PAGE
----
Rural schools face a variety of challenges — and not surprisingly, most of them come back to money.
Resources are scarce, as a limited staff copes with an array of state and federally mandates. A poor economy affects parental involvement, and forces some families to flee small towns in search of jobs. Some local administrators fear their schools are becoming a burden, as districts go back to patrons with supplemental levy requests.
One plus: In many rural districts, voters are approving levies anyway. “People do sacrifice to get the money to the schools,” said Kathy Canfield-Davis, an associate professor at the University of Idaho.
Recently, Canfield-Davis compiled a study on the challenges facing rural Idaho districts. She shared her findings Monday at the Idaho Association of School Administrators’ annual convention in Boise.
Many of the state’s superintendents — in Boise for four days of meetings and workshops — fall under the heading of “rural administrators.” Sixty-four of the state’s 115 school districts, and 46 of the state’s 47 charter schools, had a 2014 enrollment of under 1,000.
The smaller size presents unique challenges for rural district, but the pressure to pass a supplemental levy is shared by most Idaho districts, large and small. Ninety-four school districts had supplemental levies on the books in 2013-14.
In a rural community, a levy can make up 20 to 30 percent of a district’s general fund budget, often collected against a limited property tax base.
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The workload — and the myriad state and federal mandates — is an obstacle for rural districts. Even if administrators can persuade voters to approve a levy, compliance poses a time management challenge.
That finding struck a chord with Orofino district Superintendent Robert Vian. He questioned why all districts need to write strategic plans — whether they’re tiny districts such as Avery, with 16 students, or massive districts such as West Ada, with more than 36,000 students. And state officials aren’t always sympathetic.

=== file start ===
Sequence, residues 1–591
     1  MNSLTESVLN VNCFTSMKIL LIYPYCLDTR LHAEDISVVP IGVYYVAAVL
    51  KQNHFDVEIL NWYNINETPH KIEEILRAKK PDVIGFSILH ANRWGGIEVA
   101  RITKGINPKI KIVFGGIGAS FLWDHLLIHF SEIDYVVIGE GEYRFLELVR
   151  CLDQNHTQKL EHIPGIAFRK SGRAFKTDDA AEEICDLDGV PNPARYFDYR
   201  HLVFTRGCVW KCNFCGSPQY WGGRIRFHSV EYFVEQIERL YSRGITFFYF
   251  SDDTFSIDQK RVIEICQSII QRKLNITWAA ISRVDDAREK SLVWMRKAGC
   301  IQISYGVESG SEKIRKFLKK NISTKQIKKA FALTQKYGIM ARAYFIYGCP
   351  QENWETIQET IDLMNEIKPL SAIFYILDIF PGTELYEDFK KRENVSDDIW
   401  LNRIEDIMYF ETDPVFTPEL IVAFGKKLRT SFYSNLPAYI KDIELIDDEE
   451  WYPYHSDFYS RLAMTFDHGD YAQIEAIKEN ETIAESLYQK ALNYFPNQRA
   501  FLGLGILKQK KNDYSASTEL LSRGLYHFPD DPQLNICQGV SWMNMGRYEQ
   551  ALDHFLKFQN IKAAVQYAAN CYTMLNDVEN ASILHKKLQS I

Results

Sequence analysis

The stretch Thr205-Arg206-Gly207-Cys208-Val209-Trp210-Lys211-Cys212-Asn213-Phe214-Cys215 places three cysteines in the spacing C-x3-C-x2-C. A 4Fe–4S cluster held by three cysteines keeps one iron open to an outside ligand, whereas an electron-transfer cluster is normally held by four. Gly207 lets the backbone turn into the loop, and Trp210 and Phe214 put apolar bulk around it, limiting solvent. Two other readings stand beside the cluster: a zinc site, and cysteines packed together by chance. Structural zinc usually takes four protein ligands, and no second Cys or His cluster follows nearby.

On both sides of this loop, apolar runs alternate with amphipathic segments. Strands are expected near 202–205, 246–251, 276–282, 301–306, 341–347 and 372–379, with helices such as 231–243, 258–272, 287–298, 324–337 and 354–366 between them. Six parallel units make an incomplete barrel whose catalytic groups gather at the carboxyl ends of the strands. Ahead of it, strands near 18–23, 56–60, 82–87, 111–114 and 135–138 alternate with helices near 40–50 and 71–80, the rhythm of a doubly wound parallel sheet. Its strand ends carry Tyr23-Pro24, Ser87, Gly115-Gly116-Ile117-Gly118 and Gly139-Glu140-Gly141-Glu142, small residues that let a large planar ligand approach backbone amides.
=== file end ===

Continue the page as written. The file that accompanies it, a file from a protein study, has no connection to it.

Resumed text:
“I would rather deal with the feds than the State Department of Education,” Vian said.
Greg Alexander at the State Department of Education told the group that his agency is trying to work with rural districts, “but obviously we’re not doing enough.” He pointed out that Idaho is part of a consortium with Washington and Oregon, focused on rural schools issues. Genesee and Glenns Ferry are part of the group, Alexander said, but the state would like to get several more districts involved.
Canfield-Davis based her study on face-to-face interviews with 25 rural superintendents and 26 principals in North Idaho. And the interviews illustrated the contradictory nature of running rural schools.
Small districts have a greater sense of community, and students are less likely to fall through the cracks. But parental involvement is a challenge in small districts, as parents struggle to make a living. The close-knit nature of a small town can be a plus — or it can be draining.
Two comments illustrated the dichotomy.
One rural Idaho school administrator called the job the best job in education, anywhere.
Another described the job in more colorful terms: like juggling beach balls in a hurricane, while running in the mud.